Fake CBT Centres Have Taken over the North, JAMB Laments

To Spend N100m in prosecution of impersonators

By Kuni Tyessi

The Joint Admissions and Matriculation Board, (JAMB) has raised the alarm over the influx of fake Computer-based Test (CBT) centres, especially in the northern part of the country.

JAMB has also said it would spend not less than N100 million to prosecute 200 out of the over 400 persons involved in alleged impersonation in the 2020 Unified Tertiary Matriculation Examination (UTME).

JAMB Registrar, Prof Ishaq Oloyede, who disclosed this yesterday at a press conference in Abuja, lamented the increase of fraudulent CBT centres in the North, which he said marked a departure from what has been mostly a problem from the South.

Oloyede disclosed that over 400 candidates currently seeking admissions into higher institutions across the country were involved in admission fraud, alleging that some tertiary institutions were accomplices in the widespread irregularities.

According to him, the first 64 cases of CBT infractions currently treated by the board were from the North, with some having multiple cases of up to 96 irregularities.

The JAMB boss further noted that compromised tertiary institutions were engaging in change of photographs and biometrics of candidates contrary to an earlier directive by the Minister of Education, Mallam Adamu Adamu, which has allowed for impersonation.

Recall that Adamu had directed institutions not to take any new photograph or biometrics of candidates after the registration as a measure to curb the problem of impersonation.

Oloyede restated the readiness of JAMB to implement the decision of the minister, warning that any public institution that violates the directive would be treated as an accomplice and named, and shamed, while private institutions could have their licences withdrawn.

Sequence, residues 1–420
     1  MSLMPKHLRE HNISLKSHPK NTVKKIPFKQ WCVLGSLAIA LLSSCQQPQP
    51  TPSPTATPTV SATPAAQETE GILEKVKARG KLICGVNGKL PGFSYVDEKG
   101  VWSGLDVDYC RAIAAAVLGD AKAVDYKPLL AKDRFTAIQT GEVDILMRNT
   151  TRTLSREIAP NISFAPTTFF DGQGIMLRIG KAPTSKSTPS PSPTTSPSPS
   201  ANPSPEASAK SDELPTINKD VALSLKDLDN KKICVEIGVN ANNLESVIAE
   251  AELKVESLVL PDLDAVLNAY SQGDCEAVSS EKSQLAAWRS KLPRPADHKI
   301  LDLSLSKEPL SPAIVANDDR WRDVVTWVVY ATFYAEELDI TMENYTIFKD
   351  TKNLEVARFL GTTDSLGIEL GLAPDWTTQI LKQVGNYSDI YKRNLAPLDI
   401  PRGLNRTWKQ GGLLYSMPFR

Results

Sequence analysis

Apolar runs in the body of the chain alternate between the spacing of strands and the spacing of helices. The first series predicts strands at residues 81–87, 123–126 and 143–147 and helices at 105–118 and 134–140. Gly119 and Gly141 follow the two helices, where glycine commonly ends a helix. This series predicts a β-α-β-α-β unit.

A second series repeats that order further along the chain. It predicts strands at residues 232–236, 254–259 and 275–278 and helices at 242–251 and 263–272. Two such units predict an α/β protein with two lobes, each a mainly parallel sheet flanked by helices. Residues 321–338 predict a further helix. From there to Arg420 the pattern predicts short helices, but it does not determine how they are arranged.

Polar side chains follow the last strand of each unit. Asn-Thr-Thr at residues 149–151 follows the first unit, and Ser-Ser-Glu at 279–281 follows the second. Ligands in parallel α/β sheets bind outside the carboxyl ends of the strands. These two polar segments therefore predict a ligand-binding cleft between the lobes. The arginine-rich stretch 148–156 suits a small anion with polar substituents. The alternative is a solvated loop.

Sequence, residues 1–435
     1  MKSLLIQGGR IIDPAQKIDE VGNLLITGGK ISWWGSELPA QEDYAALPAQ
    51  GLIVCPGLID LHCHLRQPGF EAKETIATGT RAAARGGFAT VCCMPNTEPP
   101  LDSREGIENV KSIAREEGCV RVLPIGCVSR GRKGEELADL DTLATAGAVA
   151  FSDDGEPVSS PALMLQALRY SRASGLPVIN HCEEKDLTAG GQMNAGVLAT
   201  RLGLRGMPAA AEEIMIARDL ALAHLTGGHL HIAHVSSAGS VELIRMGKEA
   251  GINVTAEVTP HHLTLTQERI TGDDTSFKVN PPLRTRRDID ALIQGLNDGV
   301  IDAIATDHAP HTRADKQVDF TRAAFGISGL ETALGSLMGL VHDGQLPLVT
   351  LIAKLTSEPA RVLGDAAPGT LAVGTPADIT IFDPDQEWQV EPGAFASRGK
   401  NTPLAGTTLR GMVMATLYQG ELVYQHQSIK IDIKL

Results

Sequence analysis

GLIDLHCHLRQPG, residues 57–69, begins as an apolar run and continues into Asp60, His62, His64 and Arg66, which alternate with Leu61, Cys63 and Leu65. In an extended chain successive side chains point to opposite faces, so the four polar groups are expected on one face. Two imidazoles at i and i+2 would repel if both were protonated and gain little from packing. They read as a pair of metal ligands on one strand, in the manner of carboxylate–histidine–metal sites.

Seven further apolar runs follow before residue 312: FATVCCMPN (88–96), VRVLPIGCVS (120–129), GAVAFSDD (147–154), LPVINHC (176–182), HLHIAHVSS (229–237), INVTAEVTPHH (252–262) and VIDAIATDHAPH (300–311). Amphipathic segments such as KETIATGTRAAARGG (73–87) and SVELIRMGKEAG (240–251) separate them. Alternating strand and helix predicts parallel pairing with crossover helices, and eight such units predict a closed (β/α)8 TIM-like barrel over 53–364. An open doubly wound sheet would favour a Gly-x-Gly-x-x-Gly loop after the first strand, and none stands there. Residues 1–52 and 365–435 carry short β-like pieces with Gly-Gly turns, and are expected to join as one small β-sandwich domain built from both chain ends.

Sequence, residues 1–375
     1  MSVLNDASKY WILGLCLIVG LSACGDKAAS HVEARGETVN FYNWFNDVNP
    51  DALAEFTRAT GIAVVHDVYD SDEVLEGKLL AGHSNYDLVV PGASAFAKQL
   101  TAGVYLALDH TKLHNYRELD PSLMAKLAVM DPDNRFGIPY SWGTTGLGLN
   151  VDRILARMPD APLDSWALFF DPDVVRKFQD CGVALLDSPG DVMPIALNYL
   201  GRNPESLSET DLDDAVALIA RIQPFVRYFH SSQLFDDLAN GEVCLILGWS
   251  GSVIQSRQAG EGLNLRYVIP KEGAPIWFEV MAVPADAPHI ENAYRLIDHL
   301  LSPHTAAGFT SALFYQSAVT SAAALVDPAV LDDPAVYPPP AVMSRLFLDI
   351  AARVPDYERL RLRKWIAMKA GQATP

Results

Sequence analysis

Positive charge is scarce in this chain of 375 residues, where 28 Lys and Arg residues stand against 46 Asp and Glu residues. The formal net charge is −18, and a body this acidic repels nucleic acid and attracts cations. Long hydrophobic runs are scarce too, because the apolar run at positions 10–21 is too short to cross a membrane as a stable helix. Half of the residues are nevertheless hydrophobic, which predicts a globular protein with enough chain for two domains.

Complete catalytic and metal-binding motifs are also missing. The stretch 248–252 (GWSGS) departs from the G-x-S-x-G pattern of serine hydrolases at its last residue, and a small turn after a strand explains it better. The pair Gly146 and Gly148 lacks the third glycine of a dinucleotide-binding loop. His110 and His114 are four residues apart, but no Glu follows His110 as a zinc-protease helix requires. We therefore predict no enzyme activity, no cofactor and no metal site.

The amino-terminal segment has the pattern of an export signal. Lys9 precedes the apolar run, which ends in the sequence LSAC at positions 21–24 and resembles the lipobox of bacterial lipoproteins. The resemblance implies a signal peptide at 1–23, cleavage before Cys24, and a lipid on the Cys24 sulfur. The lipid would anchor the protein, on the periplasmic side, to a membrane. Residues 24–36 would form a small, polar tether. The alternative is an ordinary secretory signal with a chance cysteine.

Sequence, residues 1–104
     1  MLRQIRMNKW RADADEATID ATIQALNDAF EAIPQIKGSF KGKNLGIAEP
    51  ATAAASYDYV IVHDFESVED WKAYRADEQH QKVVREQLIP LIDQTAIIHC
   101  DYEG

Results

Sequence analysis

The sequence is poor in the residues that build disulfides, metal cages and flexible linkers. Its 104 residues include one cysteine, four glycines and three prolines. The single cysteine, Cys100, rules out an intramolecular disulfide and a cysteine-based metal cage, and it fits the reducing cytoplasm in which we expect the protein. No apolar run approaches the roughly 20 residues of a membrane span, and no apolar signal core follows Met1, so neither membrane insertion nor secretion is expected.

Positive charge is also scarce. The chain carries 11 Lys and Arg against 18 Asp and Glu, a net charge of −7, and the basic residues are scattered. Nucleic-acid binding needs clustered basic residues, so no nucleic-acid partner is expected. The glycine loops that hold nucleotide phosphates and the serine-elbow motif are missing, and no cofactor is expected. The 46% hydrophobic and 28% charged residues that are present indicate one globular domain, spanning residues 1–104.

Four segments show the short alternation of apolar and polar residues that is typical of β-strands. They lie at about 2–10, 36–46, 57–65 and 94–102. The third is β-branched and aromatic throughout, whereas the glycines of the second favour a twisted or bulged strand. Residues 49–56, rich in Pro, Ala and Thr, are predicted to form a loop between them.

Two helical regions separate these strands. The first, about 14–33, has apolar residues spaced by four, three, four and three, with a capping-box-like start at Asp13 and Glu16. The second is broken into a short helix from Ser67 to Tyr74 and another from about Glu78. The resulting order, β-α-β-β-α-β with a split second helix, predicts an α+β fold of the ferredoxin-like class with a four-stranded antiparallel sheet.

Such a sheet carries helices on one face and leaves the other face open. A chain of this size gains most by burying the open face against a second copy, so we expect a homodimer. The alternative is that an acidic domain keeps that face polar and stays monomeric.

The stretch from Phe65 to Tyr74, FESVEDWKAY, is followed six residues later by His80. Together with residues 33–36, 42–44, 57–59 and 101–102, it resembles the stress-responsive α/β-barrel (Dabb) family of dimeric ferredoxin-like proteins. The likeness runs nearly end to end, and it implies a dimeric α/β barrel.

According to him, “This year, we have over 400 people that were caught, whereby those who wrote the examinations were different from those who applied. We are waiting for the institutions to come up and report activities of the fraudsters.”

The registrar vowed that 200 of the candidates would be prosecuted; one from each state of the federation as the board does not have the resources to prosecute all the 400 candidates, adding that prosecuting a candidate would cost the board over N500,000.

While urging institutions to look inwards and monitor the activities of their ICT staff, he warned candidates to desist from fraudulent changes to their portals as JAMB is aware of all activities performed on them.

Meanwhile, one Buhari Abubakar, who was caught in an attempt to impersonate, and his alleged accomplice in examination malpractice, Muhammad Sanusi, both from Kano State, were also paraded before journalists after being arrested by men of the Nigeria Security and Civil Defence Corps, NSCDC.

Abubakar, a candidate of the Unified Tertiary Matriculation Examination (UTME) in 2020, had paid Sanusi the sum of N25,000 to source for an examination-taker to write the UTME for him, on the basis of which he secured admission into Bayero University, Kano, to study Islamic Studies.

He said: “However, the arrangement ran into hitches when all the candidate’s details, including his identity card, carried the passport of the hired examination-taker. This scoop was made possible because BUK had complied fully with the ministerial directive that only data supplied by candidates during registration should be used by institutions during the fresher’s registration.

“Abubakar had sought ways he could change the passport of the examination-taker to his own, but was unsuccessful in the course of which he was arrested.

“Mr. Abdullahi Sarki, also arrested, had promised to change the passport for the examination-taker to that of Abubakar, which he could not.”

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